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Poetry Workshop in Six Steps

Every year for the Pages Program, the resident educators and the artists in residence get together at The Wexner Center to begin to imagine our year together. Now, if you’re a teacher, you might already be yawning at the idea of “professional development”, but the Pages retreat is truly different. It is an immersive experience that has been carefully curated to get all of us thinking about what our year might look like for our students. I always leave inspired. 

This year, author Scott Woods led our group in a poetry workshop. He carefully revealed eleven (although, he had prepared thirteen) steps to writing a poem. What Scott didn’t know at that time is that I’ve been working on poetry with my freshmen students for the past couple of weeks. As he walked us through the steps of revising our original drafts, I was challenged. There were some steps that seemed impossible. How could I possibly take something out of my carefully crafted work? But, the more we wrote, the more I thought about my students. My students, who were quick to write a draft and call it perfection. By the end of the workshop with Scott, I knew I had to try this strategy with my students to help them see the value of revision.

Here’s how I led my students through my version of the poetry workshop, step by step. Keep in mind that everything described below was heavily inspired by the workshop by Scott Woods. I simply took the liberty of modifying the steps to meet the needs of my students. 

Preparation

I found poetry writing prompts online and created a document of my favorites. I printed the document, cut out each prompt, and placed it into a bag to pass around class. I made sure to have more than enough prompts to get me through three class periods of students.

Step One: Choose a prompt and begin writing a poem about it. 

Each student chose a prompt from the bag. (Side note: During my first class period trying this workshop, I allowed the students to choose a second prompt if they didn’t like their first. Nearly every student went for a second prompt and it was very time-consuming. I modified the process by having my next classes choose one prompt and then stated that they could switch it out if they absolutely hated it, which only 2-3 students took advantage of.) I told the students that their poems could be loosely inspired by the prompt or be entirely about it. Then, I set a timer for five minutes and asked for students to work quietly on generating a poem of any style, except for a haiku.

Step Two: Cross out 25% of what you wrote.

After calling time, I asked students to assess how their poem was progressing. Then, I instructed them to cross out 25% of what they’d written, telling them to cross out details or words they didn’t need. Students who had assessed that they were still in the beginning stages and students who felt as if they were finished were the most challenged by this stage. The beginners felt like they were losing their work and the finishers were disappointed to find that they weren’t “done”.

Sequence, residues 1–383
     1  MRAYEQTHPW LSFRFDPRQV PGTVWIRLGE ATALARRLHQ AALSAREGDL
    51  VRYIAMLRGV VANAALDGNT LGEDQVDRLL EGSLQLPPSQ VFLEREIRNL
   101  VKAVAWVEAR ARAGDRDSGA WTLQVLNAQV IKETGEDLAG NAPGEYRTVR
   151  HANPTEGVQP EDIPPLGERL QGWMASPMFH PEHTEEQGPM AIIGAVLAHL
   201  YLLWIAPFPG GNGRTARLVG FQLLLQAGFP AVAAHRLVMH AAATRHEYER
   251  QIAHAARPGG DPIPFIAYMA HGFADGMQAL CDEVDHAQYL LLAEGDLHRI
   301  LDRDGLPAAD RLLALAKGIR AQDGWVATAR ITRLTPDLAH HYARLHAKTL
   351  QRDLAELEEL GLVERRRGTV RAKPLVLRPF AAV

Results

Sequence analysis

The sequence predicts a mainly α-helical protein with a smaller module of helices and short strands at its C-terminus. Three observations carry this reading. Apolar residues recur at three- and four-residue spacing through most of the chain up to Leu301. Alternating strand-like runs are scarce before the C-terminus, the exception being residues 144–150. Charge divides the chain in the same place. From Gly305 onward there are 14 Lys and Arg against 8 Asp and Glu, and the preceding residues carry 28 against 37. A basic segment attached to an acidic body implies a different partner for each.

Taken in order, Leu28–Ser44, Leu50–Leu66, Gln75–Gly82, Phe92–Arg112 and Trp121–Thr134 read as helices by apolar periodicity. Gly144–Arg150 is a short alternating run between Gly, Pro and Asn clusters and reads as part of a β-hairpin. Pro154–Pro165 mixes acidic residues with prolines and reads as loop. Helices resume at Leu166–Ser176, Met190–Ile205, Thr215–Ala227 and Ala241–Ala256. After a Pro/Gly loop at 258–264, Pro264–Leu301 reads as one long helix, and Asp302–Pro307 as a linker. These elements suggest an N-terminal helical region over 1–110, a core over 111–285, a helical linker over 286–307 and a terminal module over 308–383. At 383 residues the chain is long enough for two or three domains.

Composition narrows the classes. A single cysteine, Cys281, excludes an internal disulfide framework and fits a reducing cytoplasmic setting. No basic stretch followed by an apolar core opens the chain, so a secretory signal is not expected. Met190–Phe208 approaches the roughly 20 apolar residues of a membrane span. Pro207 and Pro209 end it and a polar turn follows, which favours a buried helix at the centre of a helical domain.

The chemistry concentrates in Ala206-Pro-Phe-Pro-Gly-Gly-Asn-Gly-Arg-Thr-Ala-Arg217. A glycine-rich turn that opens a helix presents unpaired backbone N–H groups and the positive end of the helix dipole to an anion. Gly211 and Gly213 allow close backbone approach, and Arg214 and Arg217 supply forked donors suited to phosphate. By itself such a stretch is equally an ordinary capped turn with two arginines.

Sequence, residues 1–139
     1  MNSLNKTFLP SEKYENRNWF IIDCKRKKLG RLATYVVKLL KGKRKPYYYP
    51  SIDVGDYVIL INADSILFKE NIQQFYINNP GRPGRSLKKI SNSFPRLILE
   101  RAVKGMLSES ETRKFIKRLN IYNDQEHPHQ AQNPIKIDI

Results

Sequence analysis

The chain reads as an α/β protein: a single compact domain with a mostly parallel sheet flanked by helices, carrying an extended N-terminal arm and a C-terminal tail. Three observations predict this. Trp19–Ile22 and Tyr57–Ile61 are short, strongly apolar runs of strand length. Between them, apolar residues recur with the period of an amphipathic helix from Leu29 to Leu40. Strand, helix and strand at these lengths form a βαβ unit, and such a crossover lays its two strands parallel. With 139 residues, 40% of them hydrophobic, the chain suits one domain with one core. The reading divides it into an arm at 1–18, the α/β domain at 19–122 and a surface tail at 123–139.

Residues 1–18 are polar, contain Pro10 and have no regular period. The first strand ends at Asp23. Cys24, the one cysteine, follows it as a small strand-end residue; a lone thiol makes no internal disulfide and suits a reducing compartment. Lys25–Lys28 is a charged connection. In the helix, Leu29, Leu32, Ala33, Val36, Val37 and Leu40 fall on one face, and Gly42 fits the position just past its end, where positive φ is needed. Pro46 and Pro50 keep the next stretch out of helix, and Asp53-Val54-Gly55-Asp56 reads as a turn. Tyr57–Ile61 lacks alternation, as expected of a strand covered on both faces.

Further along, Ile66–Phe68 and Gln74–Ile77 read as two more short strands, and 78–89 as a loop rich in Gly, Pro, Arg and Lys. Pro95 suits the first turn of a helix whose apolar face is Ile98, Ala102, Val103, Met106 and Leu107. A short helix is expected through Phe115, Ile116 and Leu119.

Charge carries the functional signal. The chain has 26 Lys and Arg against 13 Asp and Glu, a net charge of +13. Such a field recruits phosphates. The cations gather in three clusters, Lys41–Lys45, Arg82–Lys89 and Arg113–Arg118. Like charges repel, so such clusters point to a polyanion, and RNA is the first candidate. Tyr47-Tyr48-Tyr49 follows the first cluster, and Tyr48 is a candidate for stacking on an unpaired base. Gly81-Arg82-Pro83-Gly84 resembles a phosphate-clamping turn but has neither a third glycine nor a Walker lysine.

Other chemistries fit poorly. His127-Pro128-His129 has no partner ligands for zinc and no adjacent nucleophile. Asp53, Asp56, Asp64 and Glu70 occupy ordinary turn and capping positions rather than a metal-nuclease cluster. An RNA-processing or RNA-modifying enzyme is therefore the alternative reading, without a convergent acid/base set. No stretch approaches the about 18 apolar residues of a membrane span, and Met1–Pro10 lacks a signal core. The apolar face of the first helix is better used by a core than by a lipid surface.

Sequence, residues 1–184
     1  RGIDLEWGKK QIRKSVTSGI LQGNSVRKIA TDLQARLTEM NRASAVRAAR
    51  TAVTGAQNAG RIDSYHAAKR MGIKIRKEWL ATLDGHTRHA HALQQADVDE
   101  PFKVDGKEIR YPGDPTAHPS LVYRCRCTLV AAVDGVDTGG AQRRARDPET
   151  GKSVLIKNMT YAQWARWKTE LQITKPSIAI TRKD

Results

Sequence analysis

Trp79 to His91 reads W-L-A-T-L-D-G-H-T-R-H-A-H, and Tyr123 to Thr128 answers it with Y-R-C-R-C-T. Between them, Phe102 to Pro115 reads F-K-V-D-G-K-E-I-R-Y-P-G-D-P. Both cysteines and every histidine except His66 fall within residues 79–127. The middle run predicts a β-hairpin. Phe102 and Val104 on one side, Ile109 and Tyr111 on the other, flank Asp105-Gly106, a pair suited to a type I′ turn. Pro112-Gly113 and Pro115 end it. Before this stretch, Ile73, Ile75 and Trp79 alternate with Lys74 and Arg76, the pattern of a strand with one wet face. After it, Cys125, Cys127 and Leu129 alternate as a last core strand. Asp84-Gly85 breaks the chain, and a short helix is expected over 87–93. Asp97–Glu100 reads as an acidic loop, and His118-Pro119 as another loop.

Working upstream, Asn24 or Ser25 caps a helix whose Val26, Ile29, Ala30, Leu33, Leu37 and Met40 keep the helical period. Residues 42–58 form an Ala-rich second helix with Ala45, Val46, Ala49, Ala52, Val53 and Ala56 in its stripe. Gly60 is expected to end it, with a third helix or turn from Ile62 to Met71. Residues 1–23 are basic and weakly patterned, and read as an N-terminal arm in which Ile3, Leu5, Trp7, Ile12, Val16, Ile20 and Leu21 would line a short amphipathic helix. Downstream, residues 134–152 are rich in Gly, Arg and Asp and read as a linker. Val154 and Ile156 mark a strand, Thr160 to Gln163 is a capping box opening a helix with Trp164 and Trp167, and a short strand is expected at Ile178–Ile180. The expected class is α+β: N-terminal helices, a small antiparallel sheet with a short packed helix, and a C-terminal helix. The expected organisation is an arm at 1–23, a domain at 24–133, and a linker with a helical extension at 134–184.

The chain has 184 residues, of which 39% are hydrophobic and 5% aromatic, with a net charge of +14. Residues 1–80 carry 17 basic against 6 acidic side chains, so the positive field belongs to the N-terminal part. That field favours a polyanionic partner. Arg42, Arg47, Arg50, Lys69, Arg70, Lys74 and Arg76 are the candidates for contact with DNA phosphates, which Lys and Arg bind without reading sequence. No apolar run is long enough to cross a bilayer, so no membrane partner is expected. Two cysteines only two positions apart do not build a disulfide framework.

Step Three: Give your poem a title.

Most students took to this step easily. Some chose to go with their writing prompt as their title.

Step Four: Add a sensory detail that you haven’t used yet. 

This stage fit in perfectly with what we’d been working on in class last week. I was glad to hear my students say they already had multiple senses incorporated into their poems. I instructed them to add at least one more at any point in their poem.

Step Five: Write a summary of your poem

Some students struggled with this stage in my first class period. To model the process for them, I read my poem that I’d been writing alongside them and then told them how I would summarize it without any elaboration. I asked them to sum up the literal meaning of their poems in just a couple of sentences.

Step Six: Turn your poem into a haiku.

This step brought both laughter and groans. Since we hadn’t discussed haikus in class previously, I briefly explained the format and set students to work. Instead of working on my poem at this stage, I circulated the room and spent time helping students grasp this new form. (Side note: Some of my students were so frustrated by the idea that they had written a “full” poem only to have to draw it back into a haiku. I reminded my students that the haiku was simply another version of their original poem and they, as the poet, get to choose the form of their final draft.)

In the end, this was a fun lesson for my students and for me. My students enjoyed getting to flex their creative muscles and write a poem on the spot. As a teacher, I loved watching and guiding my students as they were challenged by the idea of revision.

Sarah Patterson, Franklin Heights HS, Pages educator-in-residence

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